U.S. Agreement With Taliban Sets Timetable For Withdrawal From Afghanistan

Six months after Donald Trump declared talks with the Taliban “dead,” the U.S. has reached an historic deal with the Islamist group that could see all U.S. and NATO troops leave Afghanistan by mid-2021. U.S. Special Envoy Zalmay Khalilzad and Taliban political leader Abdul Ghani Beradar signed the agreement in Doha on Saturday, which would see the withdrawal of the remaining 12,000 U.S. troops conditional on the Taliban fulfilling several commitments. The group has promised to cut ties with Al-Qaeda, maintain its current reduction in violent activities, and commence negotiations for a substantive peace deal with the Afghan government.

In Washington, D.C., President Trump said it was “time to bring our people back home,” and expressed confidence that the agreement represented a meaningful step forward in resolving one of the world’s most intractable conflicts. “I really believe the Taliban wants to do something to show we’re not all wasting time.” Having run for president promising to stop the U.S.’s “endless wars,” the deal represents a political victory for President Trump. Nevertheless, skepticism endures among those wary of Afghanistan’s long history of conflict. Michael O’Hanlon, a Senior Fellow at the Brookings Institution, described the deal to NPR as a “tiny step forward.” Even Mike Pompeo, President Trump’s Secretary of State, struck a more cautious tone: “This agreement will mean nothing… if we don’t take concrete actions on commitments and promises that have been made,” he warned.

Though peace talks are a welcome alternative to further violence, the skepticism is well-founded given Afghanistan’s delicate political situation. The Doha agreement requires the Taliban to engage with President Ashraf Ghani, but the militant group has repeatedly maligned him as an American puppet, and large parts of the country view him as an interloper following disputed elections last September. Even if the legitimacy of President Ghani and other government leaders is recognized, striking a broad agreement acceptable to all parties will be an enormous task. The Taliban’s desire for an Islamic Emirate – and their atrocious record on women’s rights – would appear irreconcilable with the modern democracy that the U.S. and Afghan leaders have sought to build since the invasion in 2001. Crucially, the Doha deal is contingent only on talks in Afghanistan commencing, and the U.S. has yet to clarify whether the withdrawal of troops will still be completed next year if an agreement has not been reached by that time. For discussions to be successful, continued oversight and involvement by the U.S. and other relevant parties is a necessity.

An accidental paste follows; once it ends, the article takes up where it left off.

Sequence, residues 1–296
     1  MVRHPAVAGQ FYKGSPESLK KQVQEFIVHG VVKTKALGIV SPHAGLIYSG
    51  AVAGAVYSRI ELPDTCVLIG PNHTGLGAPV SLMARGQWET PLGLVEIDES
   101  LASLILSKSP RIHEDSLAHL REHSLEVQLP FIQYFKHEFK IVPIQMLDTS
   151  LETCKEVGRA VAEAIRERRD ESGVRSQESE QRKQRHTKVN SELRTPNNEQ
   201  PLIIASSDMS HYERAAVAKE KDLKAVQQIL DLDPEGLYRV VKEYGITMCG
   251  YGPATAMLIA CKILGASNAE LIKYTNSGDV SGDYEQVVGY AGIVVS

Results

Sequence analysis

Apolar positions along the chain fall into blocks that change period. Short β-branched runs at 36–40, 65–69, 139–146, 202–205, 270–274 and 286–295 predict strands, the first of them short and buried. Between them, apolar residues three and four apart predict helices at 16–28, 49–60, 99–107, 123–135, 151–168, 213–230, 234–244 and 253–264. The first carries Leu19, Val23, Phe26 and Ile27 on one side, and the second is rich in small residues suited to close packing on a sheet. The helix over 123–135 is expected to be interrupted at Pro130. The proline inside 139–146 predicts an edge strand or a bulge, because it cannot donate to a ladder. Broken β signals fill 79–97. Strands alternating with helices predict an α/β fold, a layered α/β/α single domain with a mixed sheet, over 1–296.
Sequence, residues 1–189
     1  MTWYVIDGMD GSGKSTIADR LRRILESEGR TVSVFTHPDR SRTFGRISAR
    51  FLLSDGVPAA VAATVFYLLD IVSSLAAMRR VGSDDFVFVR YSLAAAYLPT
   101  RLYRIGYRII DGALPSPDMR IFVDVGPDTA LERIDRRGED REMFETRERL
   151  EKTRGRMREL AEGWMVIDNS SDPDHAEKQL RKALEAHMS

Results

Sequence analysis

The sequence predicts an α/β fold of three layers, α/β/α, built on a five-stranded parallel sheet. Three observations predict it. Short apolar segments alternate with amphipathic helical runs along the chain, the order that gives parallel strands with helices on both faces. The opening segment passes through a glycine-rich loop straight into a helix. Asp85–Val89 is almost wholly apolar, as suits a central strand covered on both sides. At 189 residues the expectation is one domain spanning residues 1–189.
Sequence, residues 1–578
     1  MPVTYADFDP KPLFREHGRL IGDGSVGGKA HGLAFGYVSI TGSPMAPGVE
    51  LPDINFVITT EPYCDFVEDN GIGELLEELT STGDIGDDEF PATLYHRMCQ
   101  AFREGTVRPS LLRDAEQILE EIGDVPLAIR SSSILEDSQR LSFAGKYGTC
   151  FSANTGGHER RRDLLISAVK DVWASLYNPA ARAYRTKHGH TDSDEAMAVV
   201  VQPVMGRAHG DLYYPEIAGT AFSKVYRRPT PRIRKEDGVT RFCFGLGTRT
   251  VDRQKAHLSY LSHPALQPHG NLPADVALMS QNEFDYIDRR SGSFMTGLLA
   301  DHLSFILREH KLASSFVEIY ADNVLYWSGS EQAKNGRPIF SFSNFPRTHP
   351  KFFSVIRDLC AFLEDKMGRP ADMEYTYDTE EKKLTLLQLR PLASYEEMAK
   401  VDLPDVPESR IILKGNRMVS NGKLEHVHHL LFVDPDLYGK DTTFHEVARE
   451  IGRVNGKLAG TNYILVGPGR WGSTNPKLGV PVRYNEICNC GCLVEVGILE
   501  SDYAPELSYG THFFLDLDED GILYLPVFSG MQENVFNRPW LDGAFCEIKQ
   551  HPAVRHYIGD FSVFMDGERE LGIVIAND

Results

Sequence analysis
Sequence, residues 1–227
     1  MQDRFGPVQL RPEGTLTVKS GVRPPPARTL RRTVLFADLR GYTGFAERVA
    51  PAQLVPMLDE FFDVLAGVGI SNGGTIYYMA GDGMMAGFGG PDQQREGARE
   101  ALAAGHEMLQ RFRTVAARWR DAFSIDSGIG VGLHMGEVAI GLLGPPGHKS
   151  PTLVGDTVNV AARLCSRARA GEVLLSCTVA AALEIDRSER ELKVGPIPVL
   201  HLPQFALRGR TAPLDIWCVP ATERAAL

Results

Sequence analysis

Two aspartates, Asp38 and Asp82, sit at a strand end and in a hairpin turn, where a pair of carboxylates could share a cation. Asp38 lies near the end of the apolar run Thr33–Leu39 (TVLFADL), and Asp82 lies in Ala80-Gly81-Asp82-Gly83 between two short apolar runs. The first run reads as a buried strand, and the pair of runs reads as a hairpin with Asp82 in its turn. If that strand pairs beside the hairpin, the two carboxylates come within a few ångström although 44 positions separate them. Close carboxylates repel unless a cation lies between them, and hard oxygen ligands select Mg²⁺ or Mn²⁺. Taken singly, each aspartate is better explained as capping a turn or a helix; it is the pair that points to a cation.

Since U.S. forces deposed the Taliban government in following the September 11 attacks in 2001, the ongoing war has led to the deaths of tens of thousands of civilians, and more than 50,000 members of the Afghan army and police have been killed since 2014. The Taliban have expanded their control over large parts of territory in recent years, but have been unable to hold major population centres. This stalemate forced the U.S. to abandon its policy of refusing to directly deal with the group, and a secret meeting was planned to be held at Camp David last September. That summit was cancelled after a car bomb attack in Kabul that killed twelve people, but negotiations quietly continued, paving the way for a seven-day “reduction of violence” by the Taliban late last month, and culminating in the signing of the deal in Doha.

For a country that has been at war for 40 years, even this small reprieve is encouraging. A permanent peace deal will only follow, however, if both the Afghan government and the Taliban are prepared to undertake complex and protracted negotiations in good faith. Much will hinge on whether the U.S. remains committed to seeing the peace process through. President Trump’s form in past peace negotiations – such as his meeting with Kim Jong-Un, which yielded plenty of positive headlines but few meaningful results – must change for that to happen.